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Basic Approaches to Literary

M.H. Abrams The Mirror and the Lamp

1. Mimetic Approach
2. Pragmatic Approach
3. Expressive Approach
4. Objective Approach
1. Literature as Art: The theory of
Imitation, Mimetic
o Literature is a form of imitation
o It defines literature in relation to life
o It sees literature as a way of reproducing or
recreating of life in words, just as paintings
reproduces or recreates certain figure or
scenes of life in outline and color.
o Example: George Elliot, and Thackerays
novels imitates middle-class life in
19th century England

1.1.Plato Republic

o Literature and paint is removed twice from
o Reality is an ideal form, essence, or the
absolute the One behind the many, the light
whose shadows only are visible to a man in
its cave
o Anything in this world and particularly
anything man-made, even a chair or a bed,
seems to be only a copy at one remove from
the real.
o The arts, which Plato thought as copies of
man-made objects, are only copies of a
o Literature is a Mode of imitation [mimesis]
o It is simply the copying or the representation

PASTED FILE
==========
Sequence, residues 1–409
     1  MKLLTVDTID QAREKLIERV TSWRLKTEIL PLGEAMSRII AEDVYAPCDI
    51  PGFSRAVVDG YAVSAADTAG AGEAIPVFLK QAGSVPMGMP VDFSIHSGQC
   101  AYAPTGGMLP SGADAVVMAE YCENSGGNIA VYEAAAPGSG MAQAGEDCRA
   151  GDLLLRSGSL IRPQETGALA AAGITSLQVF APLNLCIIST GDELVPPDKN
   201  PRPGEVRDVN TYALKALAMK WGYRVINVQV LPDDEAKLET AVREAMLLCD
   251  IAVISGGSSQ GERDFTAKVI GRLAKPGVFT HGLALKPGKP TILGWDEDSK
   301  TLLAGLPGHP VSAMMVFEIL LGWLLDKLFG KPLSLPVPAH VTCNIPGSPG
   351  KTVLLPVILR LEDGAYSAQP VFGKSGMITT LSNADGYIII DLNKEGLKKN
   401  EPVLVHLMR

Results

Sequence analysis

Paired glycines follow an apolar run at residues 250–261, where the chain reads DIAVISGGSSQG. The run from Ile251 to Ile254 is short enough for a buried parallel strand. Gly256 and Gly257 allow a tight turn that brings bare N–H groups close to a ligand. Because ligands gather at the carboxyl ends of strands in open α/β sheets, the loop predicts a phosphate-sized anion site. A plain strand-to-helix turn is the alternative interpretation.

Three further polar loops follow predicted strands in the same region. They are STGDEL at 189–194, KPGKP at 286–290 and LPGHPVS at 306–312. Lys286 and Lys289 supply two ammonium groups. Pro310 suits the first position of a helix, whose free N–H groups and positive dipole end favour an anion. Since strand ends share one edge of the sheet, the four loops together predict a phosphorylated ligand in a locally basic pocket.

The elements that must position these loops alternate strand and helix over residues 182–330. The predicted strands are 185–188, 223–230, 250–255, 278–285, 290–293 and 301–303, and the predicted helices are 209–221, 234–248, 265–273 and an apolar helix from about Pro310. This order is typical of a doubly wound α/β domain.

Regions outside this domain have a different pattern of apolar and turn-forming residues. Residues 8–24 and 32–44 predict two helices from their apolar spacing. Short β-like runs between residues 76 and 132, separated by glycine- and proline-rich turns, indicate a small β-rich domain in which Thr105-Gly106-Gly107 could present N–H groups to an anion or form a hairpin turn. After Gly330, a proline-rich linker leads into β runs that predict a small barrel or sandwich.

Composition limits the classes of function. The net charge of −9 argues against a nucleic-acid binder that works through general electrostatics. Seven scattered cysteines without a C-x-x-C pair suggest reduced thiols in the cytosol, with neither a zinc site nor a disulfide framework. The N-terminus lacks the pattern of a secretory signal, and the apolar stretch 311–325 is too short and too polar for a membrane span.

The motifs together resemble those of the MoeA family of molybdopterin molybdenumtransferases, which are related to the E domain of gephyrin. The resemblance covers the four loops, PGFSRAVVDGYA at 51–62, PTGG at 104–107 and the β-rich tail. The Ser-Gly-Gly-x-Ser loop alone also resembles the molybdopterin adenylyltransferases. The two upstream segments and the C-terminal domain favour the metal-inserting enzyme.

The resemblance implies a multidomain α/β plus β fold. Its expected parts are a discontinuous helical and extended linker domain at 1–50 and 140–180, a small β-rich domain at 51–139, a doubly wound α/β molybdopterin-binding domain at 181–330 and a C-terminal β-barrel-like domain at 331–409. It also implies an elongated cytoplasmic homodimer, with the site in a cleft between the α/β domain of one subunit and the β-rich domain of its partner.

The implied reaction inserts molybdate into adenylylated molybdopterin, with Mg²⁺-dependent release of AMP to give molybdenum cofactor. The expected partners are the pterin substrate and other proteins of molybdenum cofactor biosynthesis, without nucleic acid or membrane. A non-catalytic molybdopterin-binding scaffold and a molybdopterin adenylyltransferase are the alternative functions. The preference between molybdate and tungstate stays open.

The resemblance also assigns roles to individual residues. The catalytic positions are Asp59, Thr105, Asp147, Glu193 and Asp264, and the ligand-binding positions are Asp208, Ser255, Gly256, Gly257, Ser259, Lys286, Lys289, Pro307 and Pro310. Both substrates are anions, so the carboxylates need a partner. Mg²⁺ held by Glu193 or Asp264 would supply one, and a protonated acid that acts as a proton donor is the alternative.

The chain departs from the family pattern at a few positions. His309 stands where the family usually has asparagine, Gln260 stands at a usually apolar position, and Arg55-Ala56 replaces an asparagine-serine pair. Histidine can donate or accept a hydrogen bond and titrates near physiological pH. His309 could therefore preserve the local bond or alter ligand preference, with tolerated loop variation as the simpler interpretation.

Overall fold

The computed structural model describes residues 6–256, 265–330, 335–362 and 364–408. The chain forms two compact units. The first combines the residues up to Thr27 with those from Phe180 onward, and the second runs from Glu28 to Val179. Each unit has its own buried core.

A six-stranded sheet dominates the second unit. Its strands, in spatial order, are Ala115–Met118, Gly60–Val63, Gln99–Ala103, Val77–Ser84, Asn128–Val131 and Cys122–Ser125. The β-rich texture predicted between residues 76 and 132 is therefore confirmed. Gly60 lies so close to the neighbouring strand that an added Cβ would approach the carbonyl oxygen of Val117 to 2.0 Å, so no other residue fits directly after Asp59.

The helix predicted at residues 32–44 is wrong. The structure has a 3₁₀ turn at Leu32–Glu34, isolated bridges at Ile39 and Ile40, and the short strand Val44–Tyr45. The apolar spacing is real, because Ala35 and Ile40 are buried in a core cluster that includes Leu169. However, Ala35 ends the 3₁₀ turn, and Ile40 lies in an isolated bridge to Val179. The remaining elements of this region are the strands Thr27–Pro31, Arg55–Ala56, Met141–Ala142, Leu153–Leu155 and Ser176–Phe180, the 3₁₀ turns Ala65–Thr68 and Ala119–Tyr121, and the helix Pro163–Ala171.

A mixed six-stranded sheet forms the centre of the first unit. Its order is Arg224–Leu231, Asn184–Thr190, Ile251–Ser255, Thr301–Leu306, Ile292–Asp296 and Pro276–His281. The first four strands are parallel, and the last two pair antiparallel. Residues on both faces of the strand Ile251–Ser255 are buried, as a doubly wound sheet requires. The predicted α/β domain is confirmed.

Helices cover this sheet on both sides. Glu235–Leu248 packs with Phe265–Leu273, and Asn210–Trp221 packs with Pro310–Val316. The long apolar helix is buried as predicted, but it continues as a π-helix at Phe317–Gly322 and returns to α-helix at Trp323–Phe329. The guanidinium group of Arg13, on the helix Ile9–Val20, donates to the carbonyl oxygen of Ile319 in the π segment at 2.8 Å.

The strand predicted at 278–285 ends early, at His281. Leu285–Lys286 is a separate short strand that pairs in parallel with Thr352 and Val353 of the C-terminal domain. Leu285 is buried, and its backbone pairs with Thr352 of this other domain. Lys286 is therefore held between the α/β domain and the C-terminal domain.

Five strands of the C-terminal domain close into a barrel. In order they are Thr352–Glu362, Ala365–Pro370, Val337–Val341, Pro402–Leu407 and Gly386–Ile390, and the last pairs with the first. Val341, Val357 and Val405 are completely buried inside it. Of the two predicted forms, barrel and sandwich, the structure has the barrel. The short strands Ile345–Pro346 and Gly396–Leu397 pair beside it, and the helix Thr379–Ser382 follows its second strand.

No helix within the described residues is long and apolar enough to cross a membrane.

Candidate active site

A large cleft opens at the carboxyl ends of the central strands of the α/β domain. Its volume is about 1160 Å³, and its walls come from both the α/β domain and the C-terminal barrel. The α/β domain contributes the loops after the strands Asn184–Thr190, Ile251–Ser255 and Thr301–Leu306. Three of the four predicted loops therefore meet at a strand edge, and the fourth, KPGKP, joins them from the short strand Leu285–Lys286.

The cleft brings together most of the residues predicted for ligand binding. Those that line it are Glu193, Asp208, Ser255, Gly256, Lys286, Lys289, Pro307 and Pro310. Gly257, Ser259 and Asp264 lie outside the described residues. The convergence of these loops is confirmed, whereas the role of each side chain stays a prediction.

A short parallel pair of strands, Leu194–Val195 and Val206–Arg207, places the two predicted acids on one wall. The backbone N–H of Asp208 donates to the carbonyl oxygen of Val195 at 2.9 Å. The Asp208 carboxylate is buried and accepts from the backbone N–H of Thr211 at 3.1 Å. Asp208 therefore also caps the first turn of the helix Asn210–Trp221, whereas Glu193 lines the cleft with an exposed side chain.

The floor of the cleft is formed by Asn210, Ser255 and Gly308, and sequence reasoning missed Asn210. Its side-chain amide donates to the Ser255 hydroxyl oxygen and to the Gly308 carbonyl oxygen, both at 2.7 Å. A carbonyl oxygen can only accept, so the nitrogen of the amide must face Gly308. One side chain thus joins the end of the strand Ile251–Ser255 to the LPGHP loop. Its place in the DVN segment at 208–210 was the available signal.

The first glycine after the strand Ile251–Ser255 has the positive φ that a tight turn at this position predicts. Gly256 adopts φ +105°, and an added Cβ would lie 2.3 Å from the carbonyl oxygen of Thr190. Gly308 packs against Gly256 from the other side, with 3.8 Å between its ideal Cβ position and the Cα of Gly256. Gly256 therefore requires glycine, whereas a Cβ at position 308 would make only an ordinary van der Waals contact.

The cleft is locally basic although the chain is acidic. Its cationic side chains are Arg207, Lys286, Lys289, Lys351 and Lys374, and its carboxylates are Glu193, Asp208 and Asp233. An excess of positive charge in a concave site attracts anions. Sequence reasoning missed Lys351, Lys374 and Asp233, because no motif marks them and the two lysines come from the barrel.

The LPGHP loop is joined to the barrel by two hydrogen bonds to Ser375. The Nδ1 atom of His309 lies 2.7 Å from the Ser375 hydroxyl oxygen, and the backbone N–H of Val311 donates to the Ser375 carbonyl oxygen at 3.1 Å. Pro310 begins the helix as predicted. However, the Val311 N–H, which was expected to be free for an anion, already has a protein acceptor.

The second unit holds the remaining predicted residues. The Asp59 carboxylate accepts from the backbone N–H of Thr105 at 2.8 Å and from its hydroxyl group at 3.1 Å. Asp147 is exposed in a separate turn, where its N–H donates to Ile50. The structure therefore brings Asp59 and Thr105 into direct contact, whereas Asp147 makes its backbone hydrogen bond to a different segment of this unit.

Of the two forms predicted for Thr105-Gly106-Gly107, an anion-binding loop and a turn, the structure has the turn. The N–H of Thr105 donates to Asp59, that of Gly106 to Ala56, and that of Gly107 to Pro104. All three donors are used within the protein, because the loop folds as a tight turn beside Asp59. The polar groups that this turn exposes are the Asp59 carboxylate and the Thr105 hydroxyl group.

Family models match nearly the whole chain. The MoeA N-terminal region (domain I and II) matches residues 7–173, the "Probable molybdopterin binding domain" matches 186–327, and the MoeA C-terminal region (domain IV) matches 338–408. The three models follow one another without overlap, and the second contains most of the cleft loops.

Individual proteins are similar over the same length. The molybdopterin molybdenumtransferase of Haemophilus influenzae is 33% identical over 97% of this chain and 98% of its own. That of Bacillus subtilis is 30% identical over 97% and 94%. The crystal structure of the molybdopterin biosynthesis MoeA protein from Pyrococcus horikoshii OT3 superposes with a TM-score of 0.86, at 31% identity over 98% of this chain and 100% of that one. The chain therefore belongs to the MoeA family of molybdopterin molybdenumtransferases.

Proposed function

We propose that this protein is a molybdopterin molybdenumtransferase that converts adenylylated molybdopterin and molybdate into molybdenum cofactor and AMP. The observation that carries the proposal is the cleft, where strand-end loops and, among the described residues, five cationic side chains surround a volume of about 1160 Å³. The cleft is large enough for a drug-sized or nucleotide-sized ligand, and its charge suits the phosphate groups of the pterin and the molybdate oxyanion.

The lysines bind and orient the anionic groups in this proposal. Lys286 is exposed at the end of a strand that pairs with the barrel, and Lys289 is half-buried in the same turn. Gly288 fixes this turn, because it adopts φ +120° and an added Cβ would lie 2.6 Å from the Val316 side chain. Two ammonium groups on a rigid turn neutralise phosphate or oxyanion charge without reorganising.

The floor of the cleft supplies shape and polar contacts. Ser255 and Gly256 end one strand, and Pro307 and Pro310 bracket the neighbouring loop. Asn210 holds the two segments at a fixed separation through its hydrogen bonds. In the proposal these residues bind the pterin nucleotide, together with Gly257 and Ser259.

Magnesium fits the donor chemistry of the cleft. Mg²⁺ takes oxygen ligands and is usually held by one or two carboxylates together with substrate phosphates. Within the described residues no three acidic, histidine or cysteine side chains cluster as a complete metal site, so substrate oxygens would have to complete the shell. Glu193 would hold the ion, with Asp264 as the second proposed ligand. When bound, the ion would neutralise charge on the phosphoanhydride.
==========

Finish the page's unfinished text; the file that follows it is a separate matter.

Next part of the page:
or recreation of life
o Sir Philip Sidney Apology for Poetry
oPoesy is an art of imitation, for so Aristotle
termeth it in his word mimesis, that is to say,
a representing, counterfeiting, or figuring
forth: to speak metaphorically, a speaking
o Criticism: ....because a literary work is only an
imitation, it is not true or not the real thing
2. The theory of effect: pragmatic
o Literature and public view or its effect
readers or spectators.
o Psychological experience of audience
o Catharsis [the purging feeling of pity and
fear which he believed the audience
undergoes in the course of a tragedy]
o Horace poets either teach or delight, at
their best combining the two.
o Interrelation to instruct literature must
delight; or to delight, it must also instruct
o Criticism: various people have various
psychological responsesIt is the
psychologists field
3. The Theory of Expression
o Literature is seen in the view of its creator
o Poets and his work concept:
3.1.The poet is divinely inspired, a prophet,
possessed by a muse or divinity who
speaks through him:
on the process of the creation, the poet is
almost out of his senses, in the power of a
divine madness (Platos term).
Literature is the profoundest, divinely
inspired wisdom a testament of prophecy-
created spontaneously in an ecstatic state.
3.2. The poet is fundamentally craftsman (poeta,
o He is fully conscious of what he is doing both
at the moment of composition and afterwards,
when he is willing to polish and re-polish the
work. (Horace term: the labor of the file.)
o Literary work is regarded as a piece of art in
the literal sense as something man-made
which can be labored over, changed, and
o Historically, this view was dominant in 17th
and 18th centuries of neoclassicism.
3.3. The poet is capable of extraordinary
o He is genius who, through his imagination and
emotions, is able to grasp and record truths
about man which ordinary people may no
recognize or feel.